“What is more, you may reflect on this thought: No one dies except on his own day. You are throwing away none of your own time; for what you leave behind does not belong to you. Farewell.” Seneca Book II, #49.
“Nor am I so mad as to crave illness; but if I must suffer illness, I shall desire that I may do nothing which shows lack of restraint, and nothing that is unmanly. The conclusion is, not that hardships are desirable, but that virtue is desirable, which enables us patiently to endure hardships.” –Seneca’s letters to Lucillius LXVII (47)
This line goes straight to what is thought of as “stoic” in the neo-modern interpretation, no? Continue reading
Taking a little detour here from “we.” Going back to a “me” topic. Well, maybe there is some “we” as well. In any case…
Sometimes I wonder how I would prefer to meet my own death. I don’t mean method of death. Movie series like Final Destination or Saw, and countless others seem to gruesomely explore these possibilities. It’s human nature to wonder about how we will die, that is what makes such movies alluring, but that is not I am talking about today. What I am talking about is the “when.” What I mean is I sometimes wonder how much time I would have from my knowing that I was dying to when I actually kicked the bucket. If I go in a flash, I won’t be pondering my demise with acute urgency. If I take years, indeed I would feel the pressure to tie up any loose ends. It really doesn’t matter at this point, because I have no knowledge or control of how the end will come. At this point, nobody has informed me that I have a terminal illness, or asked me to perform a life or death mission. At this point, my death is completely in the hands of fate, and completely out of my control…completely unknown to me. As far as I know, it is not imminent…although, I could be hit by a bus tomorrow.
It seems that when it comes to my eventual death, there are two main issues I think I should focus on:
- Being Ready
- Loose Ends
Being Ready (Preparing for Death)
Shouldn’t I always be ready? Isn’t that one of the essential tenets of living the philosophical life? Shouldn’t I always be ready for my death? What is the difference if a doctor tells me I have 2 months to live or not? Aren’t I dying already? I am in the process of death right now: my hair is graying, my stamina in just about everything is less than when I was 18, I can’t eat spicy food any more, I am unable to even tolerate eating ice cream (which I still love). In short, these are all signs of my slow and eventual demise. Nature is already telling me, “you are going to die.” The only difference from that dreaded doctor news is the time span and the assumed authority (we tend to believe doctors when they tell us we aren’t going to make it, even though many defy the odds).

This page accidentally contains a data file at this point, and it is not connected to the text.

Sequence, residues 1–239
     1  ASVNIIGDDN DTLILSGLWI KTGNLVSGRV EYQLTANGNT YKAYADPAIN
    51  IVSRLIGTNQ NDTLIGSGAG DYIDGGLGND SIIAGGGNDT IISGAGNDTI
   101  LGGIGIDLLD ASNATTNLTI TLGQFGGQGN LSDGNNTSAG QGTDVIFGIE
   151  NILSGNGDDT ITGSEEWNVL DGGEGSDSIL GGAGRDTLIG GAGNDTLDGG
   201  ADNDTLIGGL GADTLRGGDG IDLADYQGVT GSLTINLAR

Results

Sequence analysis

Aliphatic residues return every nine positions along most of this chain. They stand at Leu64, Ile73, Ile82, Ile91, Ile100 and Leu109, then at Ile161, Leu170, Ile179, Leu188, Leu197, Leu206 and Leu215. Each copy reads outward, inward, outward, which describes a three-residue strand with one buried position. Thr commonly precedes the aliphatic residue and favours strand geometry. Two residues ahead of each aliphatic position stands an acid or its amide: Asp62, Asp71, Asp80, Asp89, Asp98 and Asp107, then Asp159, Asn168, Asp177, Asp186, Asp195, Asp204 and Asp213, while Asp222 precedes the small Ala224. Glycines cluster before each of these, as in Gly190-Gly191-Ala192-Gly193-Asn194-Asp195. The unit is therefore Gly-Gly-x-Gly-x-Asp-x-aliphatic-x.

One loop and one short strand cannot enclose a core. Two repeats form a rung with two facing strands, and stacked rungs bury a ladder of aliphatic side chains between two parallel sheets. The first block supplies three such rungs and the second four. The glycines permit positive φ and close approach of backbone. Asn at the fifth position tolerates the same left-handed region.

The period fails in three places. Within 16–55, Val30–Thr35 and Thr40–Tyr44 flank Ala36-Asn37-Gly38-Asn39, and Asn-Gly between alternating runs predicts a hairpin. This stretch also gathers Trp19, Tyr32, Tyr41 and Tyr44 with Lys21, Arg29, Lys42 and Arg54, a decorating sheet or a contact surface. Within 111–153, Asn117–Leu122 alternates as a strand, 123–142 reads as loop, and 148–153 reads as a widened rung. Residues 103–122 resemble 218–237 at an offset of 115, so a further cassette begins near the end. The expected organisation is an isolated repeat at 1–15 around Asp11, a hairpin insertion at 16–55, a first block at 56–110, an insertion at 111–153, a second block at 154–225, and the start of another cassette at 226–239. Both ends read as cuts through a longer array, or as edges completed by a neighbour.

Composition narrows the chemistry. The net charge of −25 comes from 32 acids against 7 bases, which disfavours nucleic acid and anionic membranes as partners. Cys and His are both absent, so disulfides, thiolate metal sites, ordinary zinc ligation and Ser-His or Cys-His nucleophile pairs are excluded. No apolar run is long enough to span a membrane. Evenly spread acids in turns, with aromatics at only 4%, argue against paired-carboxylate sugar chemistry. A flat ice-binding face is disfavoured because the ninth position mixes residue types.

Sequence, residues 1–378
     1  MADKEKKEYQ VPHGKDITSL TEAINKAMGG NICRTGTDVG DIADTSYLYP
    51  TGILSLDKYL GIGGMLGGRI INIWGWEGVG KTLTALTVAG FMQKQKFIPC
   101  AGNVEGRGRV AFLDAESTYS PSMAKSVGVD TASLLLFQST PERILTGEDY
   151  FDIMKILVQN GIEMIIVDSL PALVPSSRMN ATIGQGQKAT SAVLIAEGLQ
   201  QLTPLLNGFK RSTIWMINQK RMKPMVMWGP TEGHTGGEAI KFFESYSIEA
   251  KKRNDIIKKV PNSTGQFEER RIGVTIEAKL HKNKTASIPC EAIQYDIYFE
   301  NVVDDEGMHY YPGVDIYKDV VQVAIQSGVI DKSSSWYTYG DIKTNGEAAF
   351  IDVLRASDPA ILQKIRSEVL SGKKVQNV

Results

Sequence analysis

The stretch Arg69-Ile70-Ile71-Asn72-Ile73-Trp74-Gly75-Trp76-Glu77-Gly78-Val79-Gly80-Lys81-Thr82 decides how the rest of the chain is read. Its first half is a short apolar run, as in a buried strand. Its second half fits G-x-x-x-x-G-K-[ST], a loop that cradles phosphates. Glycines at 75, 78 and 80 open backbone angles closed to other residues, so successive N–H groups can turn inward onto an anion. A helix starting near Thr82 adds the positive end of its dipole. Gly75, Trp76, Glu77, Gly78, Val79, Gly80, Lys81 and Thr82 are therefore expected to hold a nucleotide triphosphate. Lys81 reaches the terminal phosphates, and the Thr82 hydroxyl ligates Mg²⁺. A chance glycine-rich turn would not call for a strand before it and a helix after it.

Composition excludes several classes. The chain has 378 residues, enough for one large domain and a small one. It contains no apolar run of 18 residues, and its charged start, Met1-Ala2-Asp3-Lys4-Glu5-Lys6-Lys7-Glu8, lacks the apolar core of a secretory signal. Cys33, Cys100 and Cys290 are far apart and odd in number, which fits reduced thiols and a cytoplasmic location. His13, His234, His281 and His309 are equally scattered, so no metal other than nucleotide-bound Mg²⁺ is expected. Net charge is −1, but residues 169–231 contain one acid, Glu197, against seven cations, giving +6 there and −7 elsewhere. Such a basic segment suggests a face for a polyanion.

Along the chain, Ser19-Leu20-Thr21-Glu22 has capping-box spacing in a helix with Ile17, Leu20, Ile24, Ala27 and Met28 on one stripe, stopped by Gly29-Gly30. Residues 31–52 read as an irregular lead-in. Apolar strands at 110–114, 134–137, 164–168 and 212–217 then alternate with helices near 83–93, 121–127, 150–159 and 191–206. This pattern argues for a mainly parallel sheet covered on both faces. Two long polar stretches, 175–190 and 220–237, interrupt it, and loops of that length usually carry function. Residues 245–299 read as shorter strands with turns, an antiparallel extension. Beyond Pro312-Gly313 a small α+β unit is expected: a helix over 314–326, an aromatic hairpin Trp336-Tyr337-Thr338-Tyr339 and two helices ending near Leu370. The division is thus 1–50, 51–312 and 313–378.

So, isn’t my goal to mentally be that doctor? To stare myself down and say, “you only have about 40 more years to live, maybe less…maybe a LOT less. It could be days, we just aren’t sure. I’ve got to be upfront with you, there is a slight possibility that you might not make it through the day.” It’s the truth, isn’t it? Well, if I can admit that is the case, then shouldn’t I be ready. Shouldn’t I always be aware that every moment is precious? Absolutely!
Do I really need time to tie up loose ends? When would be a good time to die? Before my wife? After? After my kids are grown? After they are married? After grandchildren? Great-grandchildren? Certainly, after I purchase life insurance. So many loose ends, and no way to tie them all up before I go, no matter how long I have. And there is the heart of the matter…I cannot possibly tie up all the loose ends before I die. Remember, that your life is on loan to you for the time that is allotted. You can try and try, but there will always be more you may wish to have experienced. For some, this life may be like that trip to Disney World, that they never want to end…but it must end, even though you wished you could have spent more time at the Magic Kingdom.
No matter how together you are. No matter how prepared you are for your own death, there will always be things that are undone. There will be loose ends. In my case, I think my goal is to make that clear to those who might miss me. First, I suppose is to ensure that they will miss me, by my action and character. After that, I must remind them (albeit gently) that life will go on when I am gone. Hopefully, some people will miss me, but most likely they will go on, maybe occasionally touched by the sadness of my departure, but mostly unaffected in their outlook on life despite my permanent absence. This is my hope anyway, and I think for the most part, it is true.
There are two main points about loose ends. First, that you will likely depart before you and others desire. More importantly though, eventually most (perhaps all) will go on quite peacefully without you. So, there will be loose ends, but I think most of them will be centered around your own desires to want a little more “magic.” Most of those loose ends can be tied by someone else who remains. Eventually, people will go to Disney without you.
This is how I should face my end: Always ready, aware that there will be loose ends when I go, and that those loose ends will eventually be tied.